Family holidays can sometimes be a struggle in terms of keeping the children entertained. Softplay centres and swimming pools have their place, but it’s always great to find something with a bit more substance.
On a recent trip to Kingussie, we spent a fantastic day at the Highland Wildlife Park, just along the road at Kincraig.
The 260-acre park, run by the Royal Zoological Society of Scotland, offers visitors the chance to get up close to a range of fascinating and fearsome wild animals including an Amur tiger, snow leopards, red pandas and the famous polar bears.
On arrival, you don’t need to leave your car as you can drive through the park and observe the animals living side by side in the vast reserve. We spotted the amusing-looking Bactrian camels first, with their double humps and funny faces. Then it was the majestic polar bears, one of whom gave us a great display after emerging from its pool and having a good shake right in front of our poised cameras.
The European bison were quite a sight with their huge, powerful shoulders making me think of all the times I’ve seen safari park mishaps on TV show You’ve Been Framed. Thankfully, we drove through with no similar incidents taking place with our car.
My daughter’s favourites were the Przewalski’s wild horses, which really were rather beautiful, and we gazed at them for quite a while before moving on through Eurasian elk and Musk ox.
Having completed the drive-through part of the experience, it was time to get even closer to some other animals, but not before we had enjoyed a filling lunch at the cafe, where the food was quick to come and tasty with it. The souvenir shop is worth a browse as well.
One of the highlights of the day was watching the Japanese Macaque monkeys in their enclosure next to the cafe. My two monkeys were in stitches as two youngsters chased each other, play fought and rolled down the embankment in a blur of fluffy hair, teeth and elbows. We stood and watched them for a good 20 minutes as the older monkeys looked on nonplussed from their vantage point on the far-side hill.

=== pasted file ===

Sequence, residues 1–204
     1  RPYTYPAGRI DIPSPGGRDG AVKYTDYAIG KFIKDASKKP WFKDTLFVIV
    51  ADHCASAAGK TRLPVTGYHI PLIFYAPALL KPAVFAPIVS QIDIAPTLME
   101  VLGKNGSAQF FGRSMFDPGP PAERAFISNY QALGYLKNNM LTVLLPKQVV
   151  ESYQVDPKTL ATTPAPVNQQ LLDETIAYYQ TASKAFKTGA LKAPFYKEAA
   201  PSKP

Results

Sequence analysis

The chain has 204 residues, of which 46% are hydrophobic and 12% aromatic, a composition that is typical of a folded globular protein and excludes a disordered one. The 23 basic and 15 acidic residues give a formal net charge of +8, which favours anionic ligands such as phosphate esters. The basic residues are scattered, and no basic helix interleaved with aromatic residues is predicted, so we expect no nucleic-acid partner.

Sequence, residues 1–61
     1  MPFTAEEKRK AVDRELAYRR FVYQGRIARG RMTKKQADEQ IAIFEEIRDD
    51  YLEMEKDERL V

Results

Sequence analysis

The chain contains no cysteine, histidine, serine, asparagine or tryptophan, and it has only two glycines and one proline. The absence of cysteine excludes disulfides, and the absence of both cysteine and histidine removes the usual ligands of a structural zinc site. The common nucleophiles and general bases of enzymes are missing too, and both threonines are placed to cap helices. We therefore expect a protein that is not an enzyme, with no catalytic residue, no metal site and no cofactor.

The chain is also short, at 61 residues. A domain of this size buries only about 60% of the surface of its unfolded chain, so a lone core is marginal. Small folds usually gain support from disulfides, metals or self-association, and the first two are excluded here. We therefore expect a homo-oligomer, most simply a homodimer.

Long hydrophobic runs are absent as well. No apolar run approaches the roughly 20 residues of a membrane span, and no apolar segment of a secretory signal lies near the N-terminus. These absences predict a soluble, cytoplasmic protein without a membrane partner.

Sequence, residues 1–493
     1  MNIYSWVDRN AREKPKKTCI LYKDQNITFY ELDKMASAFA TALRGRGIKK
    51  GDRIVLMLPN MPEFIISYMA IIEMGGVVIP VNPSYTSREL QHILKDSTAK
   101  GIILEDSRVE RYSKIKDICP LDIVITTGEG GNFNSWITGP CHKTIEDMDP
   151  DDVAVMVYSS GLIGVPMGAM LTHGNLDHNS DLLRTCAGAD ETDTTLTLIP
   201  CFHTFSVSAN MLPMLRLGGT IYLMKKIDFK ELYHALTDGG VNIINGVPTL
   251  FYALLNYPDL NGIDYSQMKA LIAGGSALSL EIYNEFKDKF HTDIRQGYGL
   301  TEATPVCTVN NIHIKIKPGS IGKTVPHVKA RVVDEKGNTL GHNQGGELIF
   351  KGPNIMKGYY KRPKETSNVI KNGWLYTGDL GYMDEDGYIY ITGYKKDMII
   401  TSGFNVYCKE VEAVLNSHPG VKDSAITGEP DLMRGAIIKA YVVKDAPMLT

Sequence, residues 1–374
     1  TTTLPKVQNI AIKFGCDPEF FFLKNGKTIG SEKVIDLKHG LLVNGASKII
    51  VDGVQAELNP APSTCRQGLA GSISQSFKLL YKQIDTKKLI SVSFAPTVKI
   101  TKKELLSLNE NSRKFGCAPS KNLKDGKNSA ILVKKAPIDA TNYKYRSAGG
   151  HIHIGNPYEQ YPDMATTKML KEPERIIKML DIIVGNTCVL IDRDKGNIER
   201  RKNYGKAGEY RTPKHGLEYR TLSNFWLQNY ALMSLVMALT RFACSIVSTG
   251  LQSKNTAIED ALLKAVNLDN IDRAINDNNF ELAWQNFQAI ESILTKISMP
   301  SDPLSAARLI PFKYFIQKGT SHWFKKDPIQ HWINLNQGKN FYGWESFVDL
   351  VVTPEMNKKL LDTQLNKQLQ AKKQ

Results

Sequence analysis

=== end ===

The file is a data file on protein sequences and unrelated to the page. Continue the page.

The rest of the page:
Having left the cheeky Macaque monkeys to their play fighting, it was time for a creature who was much more serious and showed no signs of messing about – the Amur tiger. Through luck, we had timed this perfectly as she was about to be fed. Anticipation grew as the keeper talked us through the process before releasing 10-year-old Dominika to pounce on the meat left hanging from a swinging tyre.
Having had a good feed, Dominika strode around her enclosure. And when she caught a glimpse of a guide dog strolling past, we were treated to the magnificent sight of her stretched out at full height in front of us as she placed her huge paws on the fence trying to get closer to the dog – who did very well to keep its composure with an enormous tiger trying to get at it. It was quite something to see.
Further highlights included the gorgeous little snow leopard cubs who were born in September. These three little bundles of mischief were having fun with their mother, while their father kept a watchful eye from outside their enclosure.
We were also impressed by the climbing skills of the Turkmenian markhor, saw a sleeping wolverine and enjoyed the beauty of a red panda.
What I also liked about the park is the importance it places on conservation. Many of these species are endangered, and information from both keepers and signs offer up some quite sobering statistics about the difficulties faced by these animals in the wild – sadly caused, in the main, by humans. Climate change, poaching and trophy killing – not to mention large-scale use in Asian medicine – are all having a devastating impact on the planet’s wild animals.
After looking and learning for a good four hours or so – we could have easily stayed longer – we rounded off our visit with a play at the on-site park, just to tire the kids out even more. There is a good range of apparatus including a zip-wire, climbing frame and giant see-saw.
For a fun and informative day out, the Highland Wildlife Park is ideal. And by paying it a visit, you are also doing your bit to help with the conservation of some of the most endangered species on the planet – what could be better?